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Case Studies

Marasmiellus affixus

The first claim of lichenisation for this fungus was made in 1970 by Rolf Singer, who wrote:

Marasmiellus affixus (Berk.) Sing. also is lichenised and grows in association with a crustaceous lichen (sic) on the surface of Eucalyptus saplings in Australia.

That was all, with no reference to any investigation of a fungal-photobiont connection. In 1973 he gave some more information:

I have received material of a crustaceous organism consisting of Coccomyxa imbedded in basidiomycetous hyphae, and these fruiting in the form of a pleurotoid Marasmiellus of section Marasmiellus which was identified as Marasmiellus affixus (Berk.) Sing. by me. It was collected by W.A. Weber, F.15045, 19 October 1967 in New South Wales: Bradford Distr., between Major's Creek and Araluen, Jan. 6, 1846, on saplings of Eucalyptus robertsonii.

This Marasmiellus belongs in the same group as the original Marasmiellus described by Murrill. It has a poor Rameales-structure in the surface layers of the pileus, and ellipsoid spores (5)-6.5-7.6 x 3.8-4.5 μ, inamyloid; the hyphae with walls 0.2-0.5 μ thick, with clamp connections. In the present monograph we would place it near or in stirps Inoderma.

The carpophores are gregarious and found exclusively where there is a covering of algae. The mycelial mat interweaving with the Coccomyxa is in places so scattered that in rather large accumulations of algal cells only a few mycelial threads can be seen whereas in others the mycelium is so thick that the algal cells are completely covered by it and the crustaceous base on top of the eucalyptus (sic) bark appears white instead of green. The crust is of indistinct morphology and therefore the association of alga and fungus appears to be less strict and obligatory than in Botrydina and Coriscium [material seen by us (1970) and the ones studied by Heli Heikkillä & Paavo Kallio (1966)]. On the other hand some cells of the alga are occasionally found in the trams of the fruiting body.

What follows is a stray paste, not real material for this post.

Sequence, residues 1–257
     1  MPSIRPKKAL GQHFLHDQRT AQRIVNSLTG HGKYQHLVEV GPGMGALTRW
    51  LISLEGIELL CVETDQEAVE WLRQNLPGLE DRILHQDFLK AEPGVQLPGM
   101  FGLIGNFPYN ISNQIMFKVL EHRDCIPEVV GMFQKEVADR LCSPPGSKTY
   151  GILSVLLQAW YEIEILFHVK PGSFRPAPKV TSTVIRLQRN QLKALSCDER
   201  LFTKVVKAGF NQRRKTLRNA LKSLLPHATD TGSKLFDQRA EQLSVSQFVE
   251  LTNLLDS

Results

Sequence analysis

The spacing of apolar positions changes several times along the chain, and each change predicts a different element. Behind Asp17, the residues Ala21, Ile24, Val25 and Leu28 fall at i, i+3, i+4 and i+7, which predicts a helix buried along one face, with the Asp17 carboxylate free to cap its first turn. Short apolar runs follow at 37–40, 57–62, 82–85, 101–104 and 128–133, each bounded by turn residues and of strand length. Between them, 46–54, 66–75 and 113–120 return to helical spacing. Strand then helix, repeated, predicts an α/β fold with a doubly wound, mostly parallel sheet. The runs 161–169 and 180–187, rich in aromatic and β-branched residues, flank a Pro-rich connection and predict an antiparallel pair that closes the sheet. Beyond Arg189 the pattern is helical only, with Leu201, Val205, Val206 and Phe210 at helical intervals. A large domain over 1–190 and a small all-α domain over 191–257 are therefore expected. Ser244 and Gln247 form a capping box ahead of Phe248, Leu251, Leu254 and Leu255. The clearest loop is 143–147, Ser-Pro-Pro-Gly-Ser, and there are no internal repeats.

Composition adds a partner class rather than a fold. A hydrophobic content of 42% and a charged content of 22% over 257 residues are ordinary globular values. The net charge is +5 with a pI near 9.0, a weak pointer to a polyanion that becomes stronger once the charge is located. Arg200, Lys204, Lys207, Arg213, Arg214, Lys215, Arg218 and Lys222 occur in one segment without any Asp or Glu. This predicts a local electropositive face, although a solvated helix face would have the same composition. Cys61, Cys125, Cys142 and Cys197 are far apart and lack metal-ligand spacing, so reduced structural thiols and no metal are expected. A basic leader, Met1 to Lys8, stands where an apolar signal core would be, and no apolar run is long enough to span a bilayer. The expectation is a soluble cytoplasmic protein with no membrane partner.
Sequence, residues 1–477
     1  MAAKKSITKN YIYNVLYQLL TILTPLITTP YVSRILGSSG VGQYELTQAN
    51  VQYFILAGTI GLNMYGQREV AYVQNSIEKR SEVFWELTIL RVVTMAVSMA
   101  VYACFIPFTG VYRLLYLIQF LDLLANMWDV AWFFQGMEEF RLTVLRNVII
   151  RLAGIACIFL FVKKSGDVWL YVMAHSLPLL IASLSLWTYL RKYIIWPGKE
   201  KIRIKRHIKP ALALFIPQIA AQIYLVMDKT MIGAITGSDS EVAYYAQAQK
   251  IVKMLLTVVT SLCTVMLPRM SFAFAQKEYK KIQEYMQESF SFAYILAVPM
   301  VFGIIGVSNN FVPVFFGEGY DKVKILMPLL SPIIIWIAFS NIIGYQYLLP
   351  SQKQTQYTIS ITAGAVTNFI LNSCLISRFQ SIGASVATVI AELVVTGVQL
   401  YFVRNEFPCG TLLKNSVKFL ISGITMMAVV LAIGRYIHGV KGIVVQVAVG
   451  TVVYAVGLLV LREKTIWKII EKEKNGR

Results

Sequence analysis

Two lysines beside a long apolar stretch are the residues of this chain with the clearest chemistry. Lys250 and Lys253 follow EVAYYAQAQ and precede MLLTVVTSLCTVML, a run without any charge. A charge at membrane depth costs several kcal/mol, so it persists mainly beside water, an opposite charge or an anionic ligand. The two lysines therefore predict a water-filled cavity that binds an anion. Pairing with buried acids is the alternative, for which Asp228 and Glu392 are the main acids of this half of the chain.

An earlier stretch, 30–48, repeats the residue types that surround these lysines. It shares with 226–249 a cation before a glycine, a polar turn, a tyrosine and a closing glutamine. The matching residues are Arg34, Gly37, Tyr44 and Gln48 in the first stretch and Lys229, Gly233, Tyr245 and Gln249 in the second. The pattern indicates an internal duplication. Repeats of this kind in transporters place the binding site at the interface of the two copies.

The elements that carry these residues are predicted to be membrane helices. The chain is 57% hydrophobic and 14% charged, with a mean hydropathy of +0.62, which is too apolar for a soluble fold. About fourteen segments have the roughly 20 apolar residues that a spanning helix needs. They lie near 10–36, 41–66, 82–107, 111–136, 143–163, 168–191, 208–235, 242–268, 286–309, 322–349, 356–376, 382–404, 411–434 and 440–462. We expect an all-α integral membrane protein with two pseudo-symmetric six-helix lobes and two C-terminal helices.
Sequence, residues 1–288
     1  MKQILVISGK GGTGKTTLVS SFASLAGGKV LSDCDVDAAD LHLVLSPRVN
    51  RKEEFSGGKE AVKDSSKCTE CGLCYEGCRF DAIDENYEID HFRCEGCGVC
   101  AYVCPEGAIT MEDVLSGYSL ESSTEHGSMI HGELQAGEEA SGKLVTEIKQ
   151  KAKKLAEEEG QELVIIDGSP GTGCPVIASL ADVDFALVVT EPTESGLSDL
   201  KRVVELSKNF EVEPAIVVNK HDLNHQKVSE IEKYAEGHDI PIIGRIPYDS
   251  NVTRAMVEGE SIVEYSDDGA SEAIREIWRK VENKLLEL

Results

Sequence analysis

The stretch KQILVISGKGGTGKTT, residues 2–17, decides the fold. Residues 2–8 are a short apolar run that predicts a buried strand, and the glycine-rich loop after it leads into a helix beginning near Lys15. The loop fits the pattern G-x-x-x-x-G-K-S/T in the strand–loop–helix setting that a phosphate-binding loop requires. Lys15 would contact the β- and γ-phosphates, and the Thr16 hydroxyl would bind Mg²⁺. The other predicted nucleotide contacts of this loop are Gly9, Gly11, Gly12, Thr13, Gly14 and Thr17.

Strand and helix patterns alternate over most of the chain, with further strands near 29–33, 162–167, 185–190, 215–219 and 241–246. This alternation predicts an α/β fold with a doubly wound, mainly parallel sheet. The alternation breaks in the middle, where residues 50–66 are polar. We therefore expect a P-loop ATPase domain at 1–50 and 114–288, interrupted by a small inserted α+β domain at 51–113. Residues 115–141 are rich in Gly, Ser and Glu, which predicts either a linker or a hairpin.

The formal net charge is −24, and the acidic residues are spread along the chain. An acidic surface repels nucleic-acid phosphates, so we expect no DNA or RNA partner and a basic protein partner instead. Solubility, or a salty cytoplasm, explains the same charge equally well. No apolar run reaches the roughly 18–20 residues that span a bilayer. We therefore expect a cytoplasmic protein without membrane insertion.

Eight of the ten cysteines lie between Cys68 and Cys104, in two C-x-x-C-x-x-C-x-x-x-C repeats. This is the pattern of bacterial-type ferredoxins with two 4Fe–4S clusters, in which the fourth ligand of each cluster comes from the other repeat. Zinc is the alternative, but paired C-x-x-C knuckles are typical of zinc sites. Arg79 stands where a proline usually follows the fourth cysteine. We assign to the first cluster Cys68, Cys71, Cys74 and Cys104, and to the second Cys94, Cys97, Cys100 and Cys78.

The 1846 date of collection of the type material has inadvertently remained in Singer's main text, rather than in the footnote which gives the details about the type material. Once that error is ignored the remaining words seem to constitute the only detailed published analysis of Marasmiellus affixus, and seemingly an analysis based on just one collection. The 2001 paper by Oberwinkler gives a good summary of the state of basidiolichen knowledge at the beginning of the 21st century, has diagrams that show the details of fungus-photobiont connections in various species but does not mention Marasmiellus affixus. The detailed molecular analyses of basidiolichens published by Lawrey and colleagues in 2009 do not include Marasmiellus affixus.

Singer's comments are illuminating and suggest lichenisation but do not constitute proof. He published no observations about the nature of any hyphal-algal connection and, in essence, assumed lichenisation based on proximity of hyphae and algal cells. The occurrence of some algal cells in the trama of the fruiting body is not significant, since foreign bodies occasionally appear in fungal fruiting bodies. The situation is best summarised by saying that lichenisation in Marasmiellus affixus is plausible but not proven.


Lawrey, JD; Lücking, R; Sipman, HJM; Chaves, JL; Redhead, SA; Bungartz, F; Sikaroodi, M & Gillevet, PM. (2009). High concentration of basidiolichens in a single family of agaricoid mushrooms (Basidiomycota: Agaricales: Hygrophoraceae). Mycological Research, 113, 1154-1171.

Oberwinkler, F. (2001). Basidiolichens, Chapter 12 in Hock, B (ed.) The Mycota IX: Fungal Associations, Springer, Berlin.

Singer, R. (1970). Omphalinae (Clitocybeae-Tricholomataceae Basidiomycetes). Hafner Publishing Company, New York. [=Flora Neotropica, Monograph No. 3]

Singer, R. (1973) The genera Marasmiellus, Crepidotus and Simocybe in the Neotropics. Cramer [=Beihefte zur Nova Hedwigia, Heft 44].